Preimplantation Genetic Diagnosis International Society Refutes American Society Of Reproductive Medicine Opinion
PGDIS23 October 2007
Preimplantation Genetic Diagnosis International Society (PGDIS) is releasing a
statement in response to a Practice Committee Opinion issued today by the
American Society for Reproductive Medicine (ASRM).
The rationale for determining chromosomal status in transferring normal embryos is unassailable. More than 50% of embryos created in the lab from In Vitro Fertilization (IVF) are genetically abnormal - this is the de novo. However, the practice committee of ASRM has released an opinion statement regarding the practice of this screening approach during IVF.
Although the desired randomized trials have not been possible in North America because of lack of governmental funding, careful analysis and abundant data support that in experienced hands preimplantation genetic screening (PGS) is unequivocally beneficial in patients suffering from translocations, repeated spontaneous abortions, and often in advanced maternal age.
It is the opinion of PGDIS as the organization consisting of international experts in this field (embryologists, geneticists and reproductive endocrinologists) that the ASRM opinions have taken into consideration neither contemporary literature nor facts that could have been provided by embryologists, geneticists and laboratories responsible for over 90 percent of these tests worldwide.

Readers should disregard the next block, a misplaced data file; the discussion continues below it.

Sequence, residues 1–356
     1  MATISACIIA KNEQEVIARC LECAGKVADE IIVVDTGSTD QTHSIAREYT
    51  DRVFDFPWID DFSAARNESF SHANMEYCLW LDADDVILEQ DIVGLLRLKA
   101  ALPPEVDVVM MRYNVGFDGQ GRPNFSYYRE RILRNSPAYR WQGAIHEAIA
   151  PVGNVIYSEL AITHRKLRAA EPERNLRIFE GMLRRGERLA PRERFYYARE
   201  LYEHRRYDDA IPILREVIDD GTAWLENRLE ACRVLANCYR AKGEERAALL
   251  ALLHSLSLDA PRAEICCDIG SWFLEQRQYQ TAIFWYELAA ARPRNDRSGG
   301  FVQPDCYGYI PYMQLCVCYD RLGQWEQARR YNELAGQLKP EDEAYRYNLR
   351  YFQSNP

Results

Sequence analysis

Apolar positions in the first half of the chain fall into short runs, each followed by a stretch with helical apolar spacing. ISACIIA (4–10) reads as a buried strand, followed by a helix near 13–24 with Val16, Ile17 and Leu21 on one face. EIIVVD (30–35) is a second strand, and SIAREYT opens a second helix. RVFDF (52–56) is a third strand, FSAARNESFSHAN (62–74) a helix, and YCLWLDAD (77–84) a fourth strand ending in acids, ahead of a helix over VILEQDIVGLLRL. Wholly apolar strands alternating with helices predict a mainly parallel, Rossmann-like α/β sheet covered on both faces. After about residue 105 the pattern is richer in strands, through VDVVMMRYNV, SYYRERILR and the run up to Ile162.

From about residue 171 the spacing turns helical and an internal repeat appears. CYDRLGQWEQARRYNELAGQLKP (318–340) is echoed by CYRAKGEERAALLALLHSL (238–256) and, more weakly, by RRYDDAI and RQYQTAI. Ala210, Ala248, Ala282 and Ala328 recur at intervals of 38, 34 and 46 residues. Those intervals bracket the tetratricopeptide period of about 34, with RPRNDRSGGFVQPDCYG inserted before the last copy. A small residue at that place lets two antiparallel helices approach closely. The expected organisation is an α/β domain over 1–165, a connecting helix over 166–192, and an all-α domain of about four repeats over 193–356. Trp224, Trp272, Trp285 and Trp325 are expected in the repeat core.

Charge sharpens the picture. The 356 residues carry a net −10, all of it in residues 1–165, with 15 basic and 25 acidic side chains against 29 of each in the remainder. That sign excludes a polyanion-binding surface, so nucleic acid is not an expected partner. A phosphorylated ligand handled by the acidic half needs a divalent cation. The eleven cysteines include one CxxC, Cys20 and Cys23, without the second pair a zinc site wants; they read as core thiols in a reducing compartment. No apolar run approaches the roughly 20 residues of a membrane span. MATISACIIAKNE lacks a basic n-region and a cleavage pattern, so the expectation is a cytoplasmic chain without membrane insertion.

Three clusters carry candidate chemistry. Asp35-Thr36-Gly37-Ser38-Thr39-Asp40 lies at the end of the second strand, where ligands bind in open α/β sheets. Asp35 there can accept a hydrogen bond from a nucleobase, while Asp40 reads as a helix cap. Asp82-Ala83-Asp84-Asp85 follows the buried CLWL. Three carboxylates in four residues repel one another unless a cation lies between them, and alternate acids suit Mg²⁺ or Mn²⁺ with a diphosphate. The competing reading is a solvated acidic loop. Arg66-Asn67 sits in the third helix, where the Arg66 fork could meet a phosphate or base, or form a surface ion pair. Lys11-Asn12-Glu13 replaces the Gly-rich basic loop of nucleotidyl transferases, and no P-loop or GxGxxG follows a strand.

A beneficial effect requires experienced embryologists and geneticists who can obtain blastomeres and analyze single cells in optimal fashion. Considerable expertise is required.
"Couples should be informed that this is a valuable test in selected cases," says Joe Leigh Simpson, MD and President of PGDIS. "This is however a demanding test. There are only about 15-20 centers in the US that have sufficient expertise to perform this test. Patients should be referred to these highly experienced centers."
PGDIS has an active educational program and offers workshops to train scientists in the requisite techniques. For more information on PGDIS, go to www.pgdis.org. PGDIS holds open international meetings, the next one which is April 25-27 in Barcelona, Spain.
coordinates research, education and training in preimplantation genetic
diagnosis (PGD), requiring a close collaboration of obstetricians, fertility
specialists, embryologists and human geneticists, to insure safety and accuracy
of PGD and its application into clinical practice for improvement of genetic
practices and reproductive medicine.
PGDIS was organized in October 2002 and inaugurated during the 5th International Symposium on Preimplantation Genetics, Antalya, Turkey, June 5-7, 2003.
Founding Members of PGDIS are the participants of the 4th International Symposium on Preimplantation Genetics, Limassol, Cyprus, 2002; and 5th International Symposium on Preimplantation Genetics, Antalia, Turkey, 2003.
The official Journal of PGDIS is Reproductive BioMedicine Online, which has recently published many papers in this field.